Recently, I made a sales speech in one of my classes. However, before doing so, my professor asked us why we buy a product in the first place. What makes one product stand out from another? Of course, there were the generic responses: name brand, efficiency, quality, etc.
One of the reasons why I, and especially my husband, buy a product is because I believe in it. Much to my surprise, my professor asked for an explanation to my answer. She did not seem to quite understand my response. Although I have not been in sales like my professor, it made sense to me why believing in a product matters most.
Let’s consider what a start-up company is for a moment. A start-up company is usually a business entity that is doing just that—starting. Most companies do not grow into a grand, successful organization overnight, especially not in the beginning. Often times, before someone can even establish a business as a business with a name, he or she has to take out a loan. Rarely ever, do business people inherit success. It takes work. Part of that work is finding someone or some place to loan you money.
Now, I have never asked for a business loan. However, I can imagine that requesting one in the early stages would go a little something like this:
Wishful start-up: “Hello, yes, I would like a $150,000 loan for a down payment towards a coffeehouse.”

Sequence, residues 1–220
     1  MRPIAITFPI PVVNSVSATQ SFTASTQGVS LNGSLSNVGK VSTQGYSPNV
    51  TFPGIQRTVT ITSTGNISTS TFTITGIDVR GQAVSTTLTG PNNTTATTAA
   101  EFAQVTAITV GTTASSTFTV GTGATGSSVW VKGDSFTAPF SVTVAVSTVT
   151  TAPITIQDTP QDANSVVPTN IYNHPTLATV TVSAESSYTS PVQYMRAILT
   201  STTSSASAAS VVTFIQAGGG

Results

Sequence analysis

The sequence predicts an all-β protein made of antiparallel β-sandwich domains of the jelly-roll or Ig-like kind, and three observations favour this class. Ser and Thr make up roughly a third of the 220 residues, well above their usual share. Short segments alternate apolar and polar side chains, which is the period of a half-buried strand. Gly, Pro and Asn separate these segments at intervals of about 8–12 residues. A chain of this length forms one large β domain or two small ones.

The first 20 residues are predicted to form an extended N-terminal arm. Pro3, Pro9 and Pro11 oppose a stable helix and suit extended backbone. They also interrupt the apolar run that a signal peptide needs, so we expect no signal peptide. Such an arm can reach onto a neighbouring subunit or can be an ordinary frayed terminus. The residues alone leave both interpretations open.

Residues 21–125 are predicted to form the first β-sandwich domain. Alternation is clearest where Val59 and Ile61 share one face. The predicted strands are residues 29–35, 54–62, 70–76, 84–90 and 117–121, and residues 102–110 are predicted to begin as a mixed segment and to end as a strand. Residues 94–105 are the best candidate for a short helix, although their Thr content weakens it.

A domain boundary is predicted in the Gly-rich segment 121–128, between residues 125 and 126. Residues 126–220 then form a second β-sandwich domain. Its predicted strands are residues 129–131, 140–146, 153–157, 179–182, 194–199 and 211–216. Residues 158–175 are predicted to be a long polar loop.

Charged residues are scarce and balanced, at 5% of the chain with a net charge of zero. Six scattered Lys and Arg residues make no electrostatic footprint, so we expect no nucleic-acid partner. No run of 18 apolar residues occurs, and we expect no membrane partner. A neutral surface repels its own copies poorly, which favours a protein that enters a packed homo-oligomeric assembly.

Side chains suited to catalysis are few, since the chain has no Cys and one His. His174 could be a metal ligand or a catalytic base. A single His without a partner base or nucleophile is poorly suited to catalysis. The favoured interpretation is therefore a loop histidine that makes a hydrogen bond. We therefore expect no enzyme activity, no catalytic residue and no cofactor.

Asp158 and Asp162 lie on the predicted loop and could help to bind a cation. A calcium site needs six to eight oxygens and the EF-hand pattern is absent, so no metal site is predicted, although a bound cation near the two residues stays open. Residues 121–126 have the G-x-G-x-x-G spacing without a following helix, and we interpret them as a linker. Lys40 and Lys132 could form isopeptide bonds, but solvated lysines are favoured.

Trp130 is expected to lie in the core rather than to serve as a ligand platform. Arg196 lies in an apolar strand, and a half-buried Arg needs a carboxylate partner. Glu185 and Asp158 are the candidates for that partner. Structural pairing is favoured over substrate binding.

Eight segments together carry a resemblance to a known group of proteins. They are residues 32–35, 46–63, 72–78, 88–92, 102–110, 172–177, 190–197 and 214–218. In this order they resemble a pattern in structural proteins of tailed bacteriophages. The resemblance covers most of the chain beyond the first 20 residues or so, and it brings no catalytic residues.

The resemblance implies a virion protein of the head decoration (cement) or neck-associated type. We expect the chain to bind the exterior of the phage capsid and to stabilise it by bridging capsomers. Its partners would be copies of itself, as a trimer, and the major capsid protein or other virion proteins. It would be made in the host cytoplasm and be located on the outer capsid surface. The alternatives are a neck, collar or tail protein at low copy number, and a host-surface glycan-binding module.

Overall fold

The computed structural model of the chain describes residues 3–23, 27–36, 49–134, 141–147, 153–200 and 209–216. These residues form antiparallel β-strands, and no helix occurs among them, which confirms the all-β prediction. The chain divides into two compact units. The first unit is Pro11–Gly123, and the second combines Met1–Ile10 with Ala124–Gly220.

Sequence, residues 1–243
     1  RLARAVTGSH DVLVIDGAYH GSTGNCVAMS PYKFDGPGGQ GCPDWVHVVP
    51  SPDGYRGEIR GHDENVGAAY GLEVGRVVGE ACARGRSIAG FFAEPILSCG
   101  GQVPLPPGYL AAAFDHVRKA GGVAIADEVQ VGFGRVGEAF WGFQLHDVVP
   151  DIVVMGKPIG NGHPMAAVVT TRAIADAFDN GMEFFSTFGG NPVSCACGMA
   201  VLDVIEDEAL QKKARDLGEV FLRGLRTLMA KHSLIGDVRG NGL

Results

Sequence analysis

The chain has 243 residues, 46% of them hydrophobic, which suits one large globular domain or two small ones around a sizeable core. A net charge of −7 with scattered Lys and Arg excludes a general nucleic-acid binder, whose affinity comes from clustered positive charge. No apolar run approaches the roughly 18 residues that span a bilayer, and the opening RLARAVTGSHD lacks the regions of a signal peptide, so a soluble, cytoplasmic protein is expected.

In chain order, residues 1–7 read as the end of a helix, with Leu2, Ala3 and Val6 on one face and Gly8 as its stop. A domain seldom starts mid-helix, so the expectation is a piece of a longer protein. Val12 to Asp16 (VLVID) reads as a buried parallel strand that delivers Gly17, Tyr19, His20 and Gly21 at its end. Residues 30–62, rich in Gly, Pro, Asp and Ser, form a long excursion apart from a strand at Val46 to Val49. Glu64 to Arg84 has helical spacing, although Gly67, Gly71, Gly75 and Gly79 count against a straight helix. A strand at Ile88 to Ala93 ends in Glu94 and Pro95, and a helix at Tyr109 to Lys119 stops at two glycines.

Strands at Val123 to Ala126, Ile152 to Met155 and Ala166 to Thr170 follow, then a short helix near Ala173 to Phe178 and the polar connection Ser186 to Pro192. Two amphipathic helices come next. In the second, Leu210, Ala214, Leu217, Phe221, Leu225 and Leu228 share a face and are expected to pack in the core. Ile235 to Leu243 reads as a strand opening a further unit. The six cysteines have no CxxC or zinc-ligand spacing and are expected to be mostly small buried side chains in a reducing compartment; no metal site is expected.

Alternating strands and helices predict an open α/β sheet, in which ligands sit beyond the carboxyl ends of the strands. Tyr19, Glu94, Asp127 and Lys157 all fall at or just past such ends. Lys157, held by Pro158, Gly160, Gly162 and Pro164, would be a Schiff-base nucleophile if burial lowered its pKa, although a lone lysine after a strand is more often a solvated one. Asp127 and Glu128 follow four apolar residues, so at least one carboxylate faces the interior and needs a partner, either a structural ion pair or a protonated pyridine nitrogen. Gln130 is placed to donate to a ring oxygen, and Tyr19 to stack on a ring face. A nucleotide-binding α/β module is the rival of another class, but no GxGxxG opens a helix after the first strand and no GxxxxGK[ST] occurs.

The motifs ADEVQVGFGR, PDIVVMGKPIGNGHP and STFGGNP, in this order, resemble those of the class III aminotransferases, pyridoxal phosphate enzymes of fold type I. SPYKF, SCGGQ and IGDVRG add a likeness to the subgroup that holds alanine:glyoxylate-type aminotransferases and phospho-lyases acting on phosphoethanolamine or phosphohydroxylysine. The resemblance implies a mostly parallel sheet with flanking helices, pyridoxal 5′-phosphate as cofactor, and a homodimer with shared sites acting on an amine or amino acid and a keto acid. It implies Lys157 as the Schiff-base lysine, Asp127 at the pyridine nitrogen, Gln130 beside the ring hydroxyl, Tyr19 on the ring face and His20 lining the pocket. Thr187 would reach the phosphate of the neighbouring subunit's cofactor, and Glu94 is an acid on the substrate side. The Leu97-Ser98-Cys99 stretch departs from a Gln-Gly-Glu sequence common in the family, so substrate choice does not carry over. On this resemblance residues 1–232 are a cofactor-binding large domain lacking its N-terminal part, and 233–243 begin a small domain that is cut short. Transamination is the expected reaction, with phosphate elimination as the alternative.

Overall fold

Banker: “Why should I loan you money and not the next guy who walks in wanting to start a coffeehouse? There a numerous coffeehouses in the area. Why should I invest in yours?”
Stop right there. The key word in the banker’s above statement is invest. For the intent and purpose of this blog post, invest stands for belief. Investment requires giving of your money without full assurance that a company or product will succeed. If one does not know full success is possible, why put forth the money? It’s simple: Putting forth the money shows you see the potential and possibility. The success does not have to be on the plate as you request funds. But, a thorough business plan with clear set out financial and yearly goals are essential for an investment. People want to see the future plan towards results.
It is also important to point out why I used someone opening up a coffeehouse in my example. I have a passion and love for coffee. Therefore, due to prior experiences and opinions, I believe in the potential business. If someone has already created an emotional attachment to a product or service, he or she is more likely to give you money for a similar venture. Here’s another example: Often times, my husband helps fund technology products. Why? Because he has created an emotional attachment to certain pieces of technology. The emotional connection does not have to be much. It just needs to be enough to convince someone that the potential is worthwhile. It’s in human nature for people to respond and give subjectively.
That’s why believing in a product matters most. Believing in a product asks why the company started in the first place, not what the product is or how the product will become a reality. Those are the results of the ultimate why—to make others believe in why of the what.
To put it in simpler terms, it is the same concept as answering the question, “Why did you go into your profession?” Most people cannot answer that. It may be because they to do not believe in what they do and that what they do does impact others.
The bottom line is, without believing in a product and fully embracing why the product came into existence in the first place, success is not possible. All the money in the world from a service or item will not make a difference if one loses sight of why it is there in the first place.